Getting involved at your child’s primary or secondary school is an individual decision that can depend on many things. Are you still working full-time? Do you have younger children that require your full attention? Are you expecting your next child? Do you feel welcome at your child’s school and do they have a structure or organization that allows you opportunities to volunteer?
I don’t presume that every parent’s situation mirrors my own. However, I learned in my twenty-plus years of parenting that…Parents on campus keep many bad things from ever happening and encourages many good things to happen!
I began my volunteer career grudgingly in “Mother’s Day Out.” It was a co-op situation and everyone had a day of being “Helping Parent” to the teacher. Have I mentioned I rather despise supervising large groups of other people’s children? It is not one of my gifts and my tolerance level goes down the longer I am in charge of them.
My “favorite” experience was the field trip to the local zoo with a class of three-year-olds. I had one group in tow and the teacher had the other, and little did we suspect that the monkeys would be in heat at that time of year. You can guess what they were doing. We tried our very best to rush past them, but they were located prominently in a fork in the path and our loudest little boy was shouting, “What are they doing? Are they wrestling? Oh, my gosh, what is THAT??” Chaos ensued.
I silently vowed never to help with a field trip again if I could possibly avoid it, up to and including claiming I had bubonic plague. 🙂
The teacher kept her cool and used distraction (“Snacks ahead, boys and girls!“), winning my eternal admiration. Our preschool experience was great and elementary school was too, although I kept my PTA involvement to a minimum because there were already so many parents involved.
Then we got to middle school (or junior high for some of you) and I got the shock of my life.
Many of the parents disappeared, along with their financial support. I am not kidding.
They had various reasons; going back to work now that the kids were older; not feeling like their kids wanted them around; not really feeling the friendly vibe at the middle school they had at elementary school, etc. I looked around at the school that Daughter 1 was going to attend and was appalled. It was not a bad school academically and it had a wonderful Principal who wanted to do great things….it just had very little parental support. Some suffragette spirit inherited from a grandmother long ago took hold of me and I said to myself and others, “Heck with this! We are going to change things.”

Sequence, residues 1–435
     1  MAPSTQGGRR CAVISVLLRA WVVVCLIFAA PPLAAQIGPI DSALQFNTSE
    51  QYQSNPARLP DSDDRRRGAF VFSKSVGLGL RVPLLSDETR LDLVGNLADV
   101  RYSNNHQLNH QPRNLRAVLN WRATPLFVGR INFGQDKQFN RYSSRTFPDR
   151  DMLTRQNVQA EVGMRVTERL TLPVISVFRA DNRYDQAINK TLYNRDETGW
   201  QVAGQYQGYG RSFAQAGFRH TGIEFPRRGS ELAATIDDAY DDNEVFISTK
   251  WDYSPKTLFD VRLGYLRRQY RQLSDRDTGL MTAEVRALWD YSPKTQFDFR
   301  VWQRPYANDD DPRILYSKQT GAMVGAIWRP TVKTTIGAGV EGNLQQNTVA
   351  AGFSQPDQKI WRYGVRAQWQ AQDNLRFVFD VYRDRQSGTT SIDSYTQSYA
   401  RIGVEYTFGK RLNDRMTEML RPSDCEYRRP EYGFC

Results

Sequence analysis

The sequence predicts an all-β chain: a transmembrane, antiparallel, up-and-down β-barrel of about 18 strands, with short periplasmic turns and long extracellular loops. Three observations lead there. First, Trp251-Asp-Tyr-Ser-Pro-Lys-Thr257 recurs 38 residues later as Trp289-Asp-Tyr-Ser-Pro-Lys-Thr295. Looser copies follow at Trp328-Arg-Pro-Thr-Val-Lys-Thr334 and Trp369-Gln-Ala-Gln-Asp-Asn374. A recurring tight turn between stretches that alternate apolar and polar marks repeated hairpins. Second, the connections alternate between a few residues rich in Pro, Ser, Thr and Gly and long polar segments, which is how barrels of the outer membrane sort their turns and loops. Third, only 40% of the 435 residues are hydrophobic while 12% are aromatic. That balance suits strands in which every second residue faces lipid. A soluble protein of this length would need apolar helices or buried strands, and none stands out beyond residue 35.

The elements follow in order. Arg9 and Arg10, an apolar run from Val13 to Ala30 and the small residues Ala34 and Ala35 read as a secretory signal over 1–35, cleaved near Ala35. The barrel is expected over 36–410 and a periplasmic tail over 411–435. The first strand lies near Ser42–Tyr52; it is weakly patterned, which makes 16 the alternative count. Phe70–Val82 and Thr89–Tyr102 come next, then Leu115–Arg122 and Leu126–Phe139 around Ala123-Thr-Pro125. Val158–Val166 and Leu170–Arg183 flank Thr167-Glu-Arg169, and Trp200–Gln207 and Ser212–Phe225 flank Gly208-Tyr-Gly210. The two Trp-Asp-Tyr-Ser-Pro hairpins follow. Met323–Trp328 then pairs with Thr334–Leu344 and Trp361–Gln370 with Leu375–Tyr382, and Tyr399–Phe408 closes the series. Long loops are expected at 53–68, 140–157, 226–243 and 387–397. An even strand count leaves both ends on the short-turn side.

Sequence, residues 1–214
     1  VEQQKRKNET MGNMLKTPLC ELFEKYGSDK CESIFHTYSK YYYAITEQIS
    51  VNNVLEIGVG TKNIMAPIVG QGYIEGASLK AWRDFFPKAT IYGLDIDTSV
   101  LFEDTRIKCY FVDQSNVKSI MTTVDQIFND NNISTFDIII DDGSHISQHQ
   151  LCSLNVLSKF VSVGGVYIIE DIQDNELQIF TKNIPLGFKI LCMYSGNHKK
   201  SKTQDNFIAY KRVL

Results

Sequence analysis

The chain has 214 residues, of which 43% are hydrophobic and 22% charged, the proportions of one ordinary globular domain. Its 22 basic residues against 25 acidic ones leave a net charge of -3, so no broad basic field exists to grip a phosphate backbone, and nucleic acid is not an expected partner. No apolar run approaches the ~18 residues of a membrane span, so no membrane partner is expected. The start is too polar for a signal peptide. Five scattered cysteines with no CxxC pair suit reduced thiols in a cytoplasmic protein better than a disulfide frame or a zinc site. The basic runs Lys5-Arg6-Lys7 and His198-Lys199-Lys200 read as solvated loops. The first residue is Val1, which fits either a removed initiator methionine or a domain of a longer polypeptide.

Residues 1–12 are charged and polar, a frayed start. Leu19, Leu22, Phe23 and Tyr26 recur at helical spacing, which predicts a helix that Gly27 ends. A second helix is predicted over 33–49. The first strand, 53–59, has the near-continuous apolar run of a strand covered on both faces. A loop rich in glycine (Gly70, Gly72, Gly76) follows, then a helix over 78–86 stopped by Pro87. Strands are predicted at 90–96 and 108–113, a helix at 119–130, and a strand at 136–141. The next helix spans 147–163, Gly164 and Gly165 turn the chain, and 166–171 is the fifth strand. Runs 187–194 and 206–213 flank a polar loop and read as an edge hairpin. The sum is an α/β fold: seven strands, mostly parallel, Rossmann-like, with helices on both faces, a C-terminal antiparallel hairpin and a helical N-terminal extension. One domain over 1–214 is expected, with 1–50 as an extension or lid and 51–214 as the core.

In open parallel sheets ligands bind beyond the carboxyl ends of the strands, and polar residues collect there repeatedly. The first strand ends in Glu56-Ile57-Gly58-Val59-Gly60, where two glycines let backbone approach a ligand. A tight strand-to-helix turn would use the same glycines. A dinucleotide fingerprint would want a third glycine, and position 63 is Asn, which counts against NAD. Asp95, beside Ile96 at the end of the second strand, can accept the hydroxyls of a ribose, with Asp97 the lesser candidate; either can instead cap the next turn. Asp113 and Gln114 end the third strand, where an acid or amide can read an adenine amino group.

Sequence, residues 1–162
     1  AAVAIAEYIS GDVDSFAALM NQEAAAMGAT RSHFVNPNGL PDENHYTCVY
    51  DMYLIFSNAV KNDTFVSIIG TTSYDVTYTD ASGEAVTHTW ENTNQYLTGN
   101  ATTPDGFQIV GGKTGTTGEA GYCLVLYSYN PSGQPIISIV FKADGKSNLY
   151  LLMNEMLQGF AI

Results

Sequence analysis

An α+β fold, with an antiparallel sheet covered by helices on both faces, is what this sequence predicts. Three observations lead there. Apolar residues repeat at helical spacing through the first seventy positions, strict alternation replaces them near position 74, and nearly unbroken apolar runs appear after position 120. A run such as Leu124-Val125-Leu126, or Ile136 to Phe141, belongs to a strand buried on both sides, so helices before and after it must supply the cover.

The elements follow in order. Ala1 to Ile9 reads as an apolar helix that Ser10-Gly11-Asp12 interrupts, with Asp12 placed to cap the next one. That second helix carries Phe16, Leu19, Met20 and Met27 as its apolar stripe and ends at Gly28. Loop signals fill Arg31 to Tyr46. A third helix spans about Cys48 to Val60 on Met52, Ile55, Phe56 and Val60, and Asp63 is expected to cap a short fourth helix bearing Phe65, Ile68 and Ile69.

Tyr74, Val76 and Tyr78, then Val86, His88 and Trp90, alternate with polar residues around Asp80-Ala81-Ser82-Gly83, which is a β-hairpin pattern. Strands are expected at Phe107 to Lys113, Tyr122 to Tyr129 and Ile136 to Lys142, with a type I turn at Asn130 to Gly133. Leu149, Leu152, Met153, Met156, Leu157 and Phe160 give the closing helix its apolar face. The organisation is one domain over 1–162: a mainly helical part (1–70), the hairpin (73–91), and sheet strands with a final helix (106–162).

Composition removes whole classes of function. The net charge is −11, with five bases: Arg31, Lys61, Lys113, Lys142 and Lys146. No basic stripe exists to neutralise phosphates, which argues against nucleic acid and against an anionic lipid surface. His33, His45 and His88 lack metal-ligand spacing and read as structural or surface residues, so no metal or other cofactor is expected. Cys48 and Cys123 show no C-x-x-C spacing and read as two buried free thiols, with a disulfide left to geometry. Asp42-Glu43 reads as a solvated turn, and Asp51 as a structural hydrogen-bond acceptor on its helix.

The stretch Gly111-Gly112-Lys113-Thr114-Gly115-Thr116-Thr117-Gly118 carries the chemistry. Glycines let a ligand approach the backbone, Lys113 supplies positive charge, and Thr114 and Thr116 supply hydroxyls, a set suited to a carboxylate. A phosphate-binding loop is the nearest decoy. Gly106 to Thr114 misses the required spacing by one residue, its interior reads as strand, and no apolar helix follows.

I told my daughters that I didn’t care if they didn’t want me around their school – it needed me and I was going to be there, so here was the deal: They could acknowledge me in the hall if they wanted to, or not…I would not be offended. Since I gave them the control of that situation, I was warmly greeted by them and that turned out to be a very good thing because they ended up having the “Mom that everyone knows.” However, they knew better than to sign me up as a chaperone for field trips. Smart kids.
I gathered other “OQMs” I knew and got them excited about bringing our “can-do” attitude to our new school and welcoming Principal. We attended the first PTA meeting with a proposal to change a major shortcoming we observed at the middle school. We had 1200 students, but only 110 computers and that included the ones in the office! We proposed a fundraising campaign to build a computer lab that would seat an entire classroom, with networked printers and an overhead projector. The PTA would then donate the lab to the school so that it could be in the district inventory and would be maintained by their technical support. The seven or eight women who made up the PTA at the time were stunned, and probably doubtful that we could do it, but we started the ball rolling and a couple of months later a gentleman stopped me after a meeting and said he would like to talk about a donation.